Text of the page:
Pakistan's sole under sea optical fibre link in 2005, called Southeast Asia, Middle East and Western Europe-3 (SEAMEWE-3), stopped working for about 12 days due to a fault from 27th June to the 8th of July 2005. This disruption halted the global connectivity of almost 10 million internet users in the country. The details  can be found here.

Recently Pakistan has connected to SEMEWE4 which provides Pakistan with a redundant link in case the outage occurs again. Here is the complete story Here is a case study of Internet connectivity of NUST Institute of Information Technology (NIIT) that was done in 2004  Internet performance for NIIT, Pakistan Jan - Feb 2004  

Future Plans 

PERN2 (see presentation) is planned to build Gigabit fibre network with a minimum of 1 Gbps for end nodes and a core of 10 Gbps. It is anticipated that about 90% of PERN2 nodes will have fibre connectivity. It will have 8 National level PoPs connected by leased dark fibre. Three metro ring 10 Gbps networks will be established in Islamabad/Rawalpindi, Karachi and Lahore. Seven local area PoPs will be established in these networks. It will serve > 300,000 students, faculty members and researchers.  Initially 85 universities and institutes will be connected. In phase I Islamabad/Rawalpindi universities will be connected at 1 Gbps. The tender as been won by Almoayed Group in January 2007 for the deployment of 10Gbps Metro Ring in Islamabad for interconnecting 18 university campuses. Expected commencement of phase I is September 2007. In phase II it will be extended to Lahore and Karachi. For the remaining five PoP cities the proposed topology is not a ring but spur only since there are very few universities initially targeted in the scope of the PERN II project. Service for phase II is expected to commence at the end of March 2008. Phase III will connect distant nodes. They will lease dark fibre and will also commence end March 2008.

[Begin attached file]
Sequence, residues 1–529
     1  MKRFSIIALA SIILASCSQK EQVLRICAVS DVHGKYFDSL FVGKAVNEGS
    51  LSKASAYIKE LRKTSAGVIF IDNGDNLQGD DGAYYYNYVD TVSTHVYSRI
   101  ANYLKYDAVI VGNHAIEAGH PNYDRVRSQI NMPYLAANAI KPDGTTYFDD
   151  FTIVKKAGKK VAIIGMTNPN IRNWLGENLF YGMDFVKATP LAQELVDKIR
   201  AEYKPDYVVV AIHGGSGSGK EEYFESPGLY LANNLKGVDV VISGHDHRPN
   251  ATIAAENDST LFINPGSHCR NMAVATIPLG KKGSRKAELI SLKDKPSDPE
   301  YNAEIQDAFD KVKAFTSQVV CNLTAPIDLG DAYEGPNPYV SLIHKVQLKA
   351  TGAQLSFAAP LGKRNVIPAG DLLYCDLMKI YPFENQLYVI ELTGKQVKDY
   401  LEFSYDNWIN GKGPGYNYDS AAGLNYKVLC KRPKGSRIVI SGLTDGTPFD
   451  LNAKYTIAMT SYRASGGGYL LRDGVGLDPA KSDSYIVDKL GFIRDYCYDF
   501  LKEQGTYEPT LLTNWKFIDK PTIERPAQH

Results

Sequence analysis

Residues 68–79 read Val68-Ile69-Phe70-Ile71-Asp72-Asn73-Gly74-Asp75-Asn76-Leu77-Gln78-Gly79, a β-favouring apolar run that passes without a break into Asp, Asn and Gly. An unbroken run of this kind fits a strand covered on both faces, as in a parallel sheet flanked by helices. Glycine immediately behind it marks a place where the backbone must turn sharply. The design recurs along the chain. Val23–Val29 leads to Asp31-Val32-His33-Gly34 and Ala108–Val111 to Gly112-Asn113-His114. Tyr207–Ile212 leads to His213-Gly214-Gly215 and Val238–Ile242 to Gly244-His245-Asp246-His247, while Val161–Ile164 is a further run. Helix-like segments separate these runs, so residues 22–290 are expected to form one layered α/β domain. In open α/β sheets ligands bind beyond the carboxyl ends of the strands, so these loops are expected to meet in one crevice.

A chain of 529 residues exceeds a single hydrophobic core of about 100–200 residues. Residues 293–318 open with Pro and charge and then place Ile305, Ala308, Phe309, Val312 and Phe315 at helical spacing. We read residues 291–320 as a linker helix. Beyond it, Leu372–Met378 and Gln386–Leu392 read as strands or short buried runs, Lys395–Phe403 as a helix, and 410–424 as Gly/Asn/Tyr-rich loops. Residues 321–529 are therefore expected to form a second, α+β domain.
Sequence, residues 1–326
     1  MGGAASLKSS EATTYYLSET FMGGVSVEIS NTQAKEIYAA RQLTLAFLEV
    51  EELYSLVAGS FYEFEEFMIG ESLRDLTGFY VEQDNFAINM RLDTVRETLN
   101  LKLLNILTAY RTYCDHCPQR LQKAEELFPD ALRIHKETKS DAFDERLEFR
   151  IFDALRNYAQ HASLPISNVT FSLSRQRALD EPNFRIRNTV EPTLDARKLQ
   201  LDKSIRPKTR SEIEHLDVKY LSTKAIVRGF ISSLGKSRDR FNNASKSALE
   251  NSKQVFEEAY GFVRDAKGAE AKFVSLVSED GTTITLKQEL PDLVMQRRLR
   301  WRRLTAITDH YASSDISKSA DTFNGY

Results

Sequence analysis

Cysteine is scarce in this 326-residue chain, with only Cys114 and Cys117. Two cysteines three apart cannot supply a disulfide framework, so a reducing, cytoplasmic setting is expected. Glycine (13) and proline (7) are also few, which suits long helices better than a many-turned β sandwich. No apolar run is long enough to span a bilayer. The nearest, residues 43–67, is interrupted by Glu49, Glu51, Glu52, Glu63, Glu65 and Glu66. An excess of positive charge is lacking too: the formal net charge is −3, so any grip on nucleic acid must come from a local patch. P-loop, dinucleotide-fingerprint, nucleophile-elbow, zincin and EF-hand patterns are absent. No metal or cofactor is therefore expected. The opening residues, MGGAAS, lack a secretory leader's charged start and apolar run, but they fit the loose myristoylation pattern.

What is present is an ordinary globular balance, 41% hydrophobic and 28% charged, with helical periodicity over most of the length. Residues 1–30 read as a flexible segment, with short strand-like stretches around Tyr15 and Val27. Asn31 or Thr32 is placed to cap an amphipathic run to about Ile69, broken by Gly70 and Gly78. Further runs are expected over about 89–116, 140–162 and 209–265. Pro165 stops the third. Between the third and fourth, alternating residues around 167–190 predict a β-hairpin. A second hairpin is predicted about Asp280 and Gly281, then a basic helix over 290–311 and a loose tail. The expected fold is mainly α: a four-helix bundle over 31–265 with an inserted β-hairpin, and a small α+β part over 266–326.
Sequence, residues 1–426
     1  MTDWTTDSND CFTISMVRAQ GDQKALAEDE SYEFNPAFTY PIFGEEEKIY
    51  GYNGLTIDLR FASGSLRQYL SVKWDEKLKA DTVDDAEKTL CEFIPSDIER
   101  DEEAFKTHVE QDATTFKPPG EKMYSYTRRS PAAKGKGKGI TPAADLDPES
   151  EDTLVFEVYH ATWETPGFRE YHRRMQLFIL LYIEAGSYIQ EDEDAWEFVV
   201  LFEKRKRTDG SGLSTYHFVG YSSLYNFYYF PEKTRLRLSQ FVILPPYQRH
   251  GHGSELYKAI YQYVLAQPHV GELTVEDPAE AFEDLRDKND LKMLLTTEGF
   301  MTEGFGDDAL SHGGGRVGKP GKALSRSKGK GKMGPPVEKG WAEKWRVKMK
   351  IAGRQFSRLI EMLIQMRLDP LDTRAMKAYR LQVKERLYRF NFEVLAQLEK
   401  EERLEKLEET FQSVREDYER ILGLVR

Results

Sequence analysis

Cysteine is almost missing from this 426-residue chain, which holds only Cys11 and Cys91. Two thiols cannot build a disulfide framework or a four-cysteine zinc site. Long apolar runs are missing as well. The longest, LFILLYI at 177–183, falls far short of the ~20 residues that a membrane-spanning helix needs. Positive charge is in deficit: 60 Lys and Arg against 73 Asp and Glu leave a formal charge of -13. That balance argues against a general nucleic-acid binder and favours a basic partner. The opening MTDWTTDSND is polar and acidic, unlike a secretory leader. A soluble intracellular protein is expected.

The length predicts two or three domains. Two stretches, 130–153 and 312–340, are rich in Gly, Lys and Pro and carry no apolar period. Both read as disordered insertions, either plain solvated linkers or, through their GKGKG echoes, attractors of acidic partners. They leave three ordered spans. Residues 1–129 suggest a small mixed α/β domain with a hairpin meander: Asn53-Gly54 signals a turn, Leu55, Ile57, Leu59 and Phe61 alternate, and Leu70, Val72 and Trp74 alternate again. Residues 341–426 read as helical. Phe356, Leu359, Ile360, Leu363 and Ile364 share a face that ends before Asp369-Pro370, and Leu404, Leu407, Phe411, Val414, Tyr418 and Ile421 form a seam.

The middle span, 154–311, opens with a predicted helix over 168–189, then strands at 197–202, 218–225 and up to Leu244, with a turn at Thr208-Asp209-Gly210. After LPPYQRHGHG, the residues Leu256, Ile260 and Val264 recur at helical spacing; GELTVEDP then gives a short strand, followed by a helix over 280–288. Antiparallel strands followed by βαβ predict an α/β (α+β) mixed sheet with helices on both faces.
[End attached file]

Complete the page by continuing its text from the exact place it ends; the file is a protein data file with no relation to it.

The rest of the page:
Mobilink has almost completed its backbone and has a submarine fibre link to its sister company TWA which will be the next national media provider after PTCL. This will be the a third undersea fibre cable project for Pakistan (SEAMEW3 and 4 are the first two and are operated by PTCL). In February 2007 Telekom Malaysia announced that the company is set to complete its US$100 million countrywide fiber-optic-backbone project in Pakistan - the largest fiber-optic network in the country - by October 2007. The backbone will link more than 75 major towns and cities in Pakistan. The project is with Multinet, a Pakistan ISP that is now a subsidiary of Telekom Malaysia. A fourth company, Wateen is laying out a fiber backbone at a cost of $100M. It appears that all of this investment will provide more options for Pakistani network access.

In what is believed to be the largest WiMAX network of its kind, Motorola has been selected as primary supplier to Pakistan's Wateen Telecom, part of Warid Telecom "It also demonstrates how an emerging country can leapfrog directly to innovative next-generation technology, and smoothly deploy a cutting edge communications infrastructure".

NIIT Case Study